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Author has a degree in Engineering and is an avid investor in the market. Experience in industrial materials and structures. In college studied atomic & nuclear physics as well as material engineering. Eastern European
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  • Rising margin requirements? Hopefully the Short hedges had nothing to do with this.  0 comments
    May 5, 2011 8:55 AM | about stocks: SPY, QQQ, TNA, SPXL, MIDU, TZA, SPXS, MIDZ, DOG, SLV, OIL, USO, ERX, DIG, GLD, PALL, COPX, SIL, DTO, ERY, DUG, ZSL

    Is it just coincedence that margin requirements are being raised by exchanges just in time for the "Sell in May and go away crowd to Profit"? I dislike theories like this as much as the other guy but the coincedence is just too much to ignore. Its market manipulation on a grand scale. Basically its like playing a baseball game with fences at 250 feet at the beginning of the season and then the opposing team after seeing that your loaded with homerun hitters and average pitchers decides that for them to win they need to adjust the fences further to 350 feet.

    A game changing move right in the middle of the game without any prior warning.

    Gasoline, Heating Oil Slide Along With Crude, Metals, Equities By Barbara Powell - May, 2011 

    Gasoline and heating oil fell as crude oil tumbled amid expectations for higher supplies, equities retreated and silver plunged on higher margin requirements.

    Heating oil sank 1.9 percent and gasoline lost 0.6 percent as crude oil slipped. Analysts surveyed by Bloomberg News projected U.S. oil stockpiles rose last week to a six-month high. Silver for July delivery declined 7.6 percent and the Standard & Poor’s 500 Index lost 0.7 percent as of 2:33 p.m. in New York.

    “We were very overbought,” said Ray Carbone, president of Paramount Options Inc. in New York. “Raising the margin on some commodities created a good excuse to take profits and now it’s snowballing.”

    Gasoline for June delivery dropped 1.85 cents, or 0.6 percent, to settle at $3.3294 a gallon on the New York Mercantile Exchange. That’s the first time prices have declined for two straight days since April 19.

    Silver slid as exchange owner CME Group Inc. (NASDAQ:CME) raised margin requirements for the second time in less than a week.

    “There were very large trading accounts long in precious metals and crude oil that are selling and it’s bleeding into other markets,” said James Cordier, portfolio manager at OptionSellers.com in Tampa, Florida. “Raising the margins on silver started the selloff. People are taking risk off the table.”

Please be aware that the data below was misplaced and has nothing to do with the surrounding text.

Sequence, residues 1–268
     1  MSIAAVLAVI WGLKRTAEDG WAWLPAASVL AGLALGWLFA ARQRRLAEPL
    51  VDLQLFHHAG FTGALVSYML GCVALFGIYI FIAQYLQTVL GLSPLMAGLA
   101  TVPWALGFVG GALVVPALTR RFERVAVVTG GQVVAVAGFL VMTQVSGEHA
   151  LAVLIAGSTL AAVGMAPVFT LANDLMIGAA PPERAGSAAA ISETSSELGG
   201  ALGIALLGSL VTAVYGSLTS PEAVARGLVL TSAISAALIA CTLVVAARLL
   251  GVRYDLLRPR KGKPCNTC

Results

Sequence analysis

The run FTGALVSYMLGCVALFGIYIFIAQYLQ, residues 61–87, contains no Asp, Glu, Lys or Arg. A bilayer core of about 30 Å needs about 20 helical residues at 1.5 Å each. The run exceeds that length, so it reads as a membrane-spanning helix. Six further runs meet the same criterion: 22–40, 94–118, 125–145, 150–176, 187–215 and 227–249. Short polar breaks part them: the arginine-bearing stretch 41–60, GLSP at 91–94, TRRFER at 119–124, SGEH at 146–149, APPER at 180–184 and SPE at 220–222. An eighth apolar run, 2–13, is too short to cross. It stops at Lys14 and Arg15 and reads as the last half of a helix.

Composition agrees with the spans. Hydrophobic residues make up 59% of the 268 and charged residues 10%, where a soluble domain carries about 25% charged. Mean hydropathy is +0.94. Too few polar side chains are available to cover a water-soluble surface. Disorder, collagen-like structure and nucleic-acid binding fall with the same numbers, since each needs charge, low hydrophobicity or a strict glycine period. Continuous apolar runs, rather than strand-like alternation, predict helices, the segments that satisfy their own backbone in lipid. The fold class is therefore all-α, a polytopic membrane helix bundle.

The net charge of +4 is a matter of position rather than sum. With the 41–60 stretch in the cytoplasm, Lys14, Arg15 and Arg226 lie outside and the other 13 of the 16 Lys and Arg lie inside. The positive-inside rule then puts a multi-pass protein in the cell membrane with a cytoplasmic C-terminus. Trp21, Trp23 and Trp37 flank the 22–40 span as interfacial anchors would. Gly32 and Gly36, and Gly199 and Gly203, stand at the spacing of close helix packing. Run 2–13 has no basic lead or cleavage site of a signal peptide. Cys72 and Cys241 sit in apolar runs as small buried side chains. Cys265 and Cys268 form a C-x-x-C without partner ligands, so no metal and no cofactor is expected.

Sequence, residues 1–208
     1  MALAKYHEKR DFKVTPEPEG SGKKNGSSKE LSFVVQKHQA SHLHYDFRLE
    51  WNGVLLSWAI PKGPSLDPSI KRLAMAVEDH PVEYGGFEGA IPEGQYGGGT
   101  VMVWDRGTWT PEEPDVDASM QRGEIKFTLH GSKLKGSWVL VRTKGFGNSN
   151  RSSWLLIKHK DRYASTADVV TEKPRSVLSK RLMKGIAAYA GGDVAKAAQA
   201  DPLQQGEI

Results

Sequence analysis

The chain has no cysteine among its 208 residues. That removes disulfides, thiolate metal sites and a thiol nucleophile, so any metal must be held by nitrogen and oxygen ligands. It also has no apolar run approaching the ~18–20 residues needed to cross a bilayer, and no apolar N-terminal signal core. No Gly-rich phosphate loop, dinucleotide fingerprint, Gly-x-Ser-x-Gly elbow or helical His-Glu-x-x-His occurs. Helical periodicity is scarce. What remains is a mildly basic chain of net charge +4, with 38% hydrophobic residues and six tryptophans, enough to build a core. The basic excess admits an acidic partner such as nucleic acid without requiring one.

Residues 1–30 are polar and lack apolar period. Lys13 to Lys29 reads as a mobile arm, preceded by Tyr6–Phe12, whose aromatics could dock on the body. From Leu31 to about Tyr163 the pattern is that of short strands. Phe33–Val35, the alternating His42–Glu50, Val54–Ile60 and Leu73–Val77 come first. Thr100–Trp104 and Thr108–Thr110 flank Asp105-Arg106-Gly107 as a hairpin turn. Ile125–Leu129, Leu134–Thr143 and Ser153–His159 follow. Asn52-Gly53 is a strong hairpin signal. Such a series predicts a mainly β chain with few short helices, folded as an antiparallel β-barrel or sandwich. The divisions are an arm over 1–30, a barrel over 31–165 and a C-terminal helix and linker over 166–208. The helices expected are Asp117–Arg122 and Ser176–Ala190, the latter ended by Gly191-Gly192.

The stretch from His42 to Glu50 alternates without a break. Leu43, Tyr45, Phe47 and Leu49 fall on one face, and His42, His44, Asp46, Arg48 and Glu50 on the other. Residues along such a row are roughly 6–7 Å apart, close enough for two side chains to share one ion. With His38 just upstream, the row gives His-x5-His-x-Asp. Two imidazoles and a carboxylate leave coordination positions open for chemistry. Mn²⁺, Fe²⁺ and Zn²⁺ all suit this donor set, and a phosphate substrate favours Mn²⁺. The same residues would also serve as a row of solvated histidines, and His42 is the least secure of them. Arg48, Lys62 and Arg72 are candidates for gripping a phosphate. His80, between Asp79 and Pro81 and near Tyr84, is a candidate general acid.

June-delivery crude dropped $2.47, or 2.2 percent, to settle at $111.05 a barrel on the Nymex. Brent crude for June settlement lost $2.67 to settle at $122.45 on London’s ICE Futures Europe exchange.


    Futures also slipped after reports indicated slower manufacturing growth in the U.S. and China, which could reduce fuel demand. The Institute for Supply Management’s manufacturing index fell to a four-month low in April. China’s Purchasing Managers’ index fell to 52.9 in April from 53.4 the prior month.

    Gasoline supplies probably fell 500,000 barrels last week, according to the median estimate of 15 analysts in the survey by Bloomberg. Stockpiles were at a 20-month low in the week ended April 22, according to Energy Department data, after falling 35.5 million barrels since Feb. 11. The department is scheduled to report on stockpiles at 10:30 a.m. tomorrow in Washington.

    “The expectation that product inventories are going to draw based on the refining problems is the most bullish factor today,” said Andy Lipow, president of Lipow Oil Associates LLC in Houston, who estimated supplies fell 1.5 million last week. “But that might be outweighed by the bearish manufacturing indexes here and in China.”

    Inventories of distillates, including heating oil and diesel, likely rose 500,000 barrels, according to the survey. Refinery rates increased 0.5 percentage point.

    Regular retail gasoline rose 1.5 cents to $3.967 a gallon yesterday, AAA said on its website. That’s the highest price since July 26, 2008. The record was $4.114 on July 15 of that year.

    Heating oil for June delivery sank 6.13 cents, or 1.9 percent, to settle at $3.1908 a gallon on the exchange.

    To contact the reporter on this story: Barbara J Powell in Dallas at bpowell4@bloomberg.net.

    To contact the editor responsible for this story: Dan Stets at dstets@bloomberg.net

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